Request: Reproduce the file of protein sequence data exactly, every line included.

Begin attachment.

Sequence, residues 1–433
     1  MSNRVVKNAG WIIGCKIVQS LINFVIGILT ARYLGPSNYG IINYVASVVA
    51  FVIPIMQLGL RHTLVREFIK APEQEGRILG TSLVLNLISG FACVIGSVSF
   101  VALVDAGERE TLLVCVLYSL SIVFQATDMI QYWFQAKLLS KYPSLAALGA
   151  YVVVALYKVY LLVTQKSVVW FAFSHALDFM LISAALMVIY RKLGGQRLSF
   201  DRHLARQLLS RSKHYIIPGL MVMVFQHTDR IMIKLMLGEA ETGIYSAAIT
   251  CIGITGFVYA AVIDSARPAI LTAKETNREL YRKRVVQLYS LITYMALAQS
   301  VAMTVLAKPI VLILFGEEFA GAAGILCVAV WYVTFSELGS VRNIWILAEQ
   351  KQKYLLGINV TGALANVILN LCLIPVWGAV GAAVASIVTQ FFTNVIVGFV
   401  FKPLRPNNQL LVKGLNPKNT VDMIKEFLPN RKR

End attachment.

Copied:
Sequence, residues 1–433
     1  MSNRVVKNAG WIIGCKIVQS LINFVIGILT ARYLGPSNYG IINYVASVVA
    51  FVIPIMQLGL RHTLVREFIK APEQEGRILG TSLVLNLISG FACVIGSVSF
   101  VALVDAGERE TLLVCVLYSL SIVFQATDMI QYWFQAKLLS KYPSLAALGA
   151  YVVVALYKVY LLVTQKSVVW FAFSHALDFM LISAALMVIY RKLGGQRLSF
   201  DRHLARQLLS RSKHYIIPGL MVMVFQHTDR IMIKLMLGEA ETGIYSAAIT
   251  CIGITGFVYA AVIDSARPAI LTAKETNREL YRKRVVQLYS LITYMALAQS
   301  VAMTVLAKPI VLILFGEEFA GAAGILCVAV WYVTFSELGS VRNIWILAEQ
   351  KQKYLLGINV TGALANVILN LCLIPVWGAV GAAVASIVTQ FFTNVIVGFV
   401  FKPLRPNNQL LVKGLNPKNT VDMIKEFLPN RKR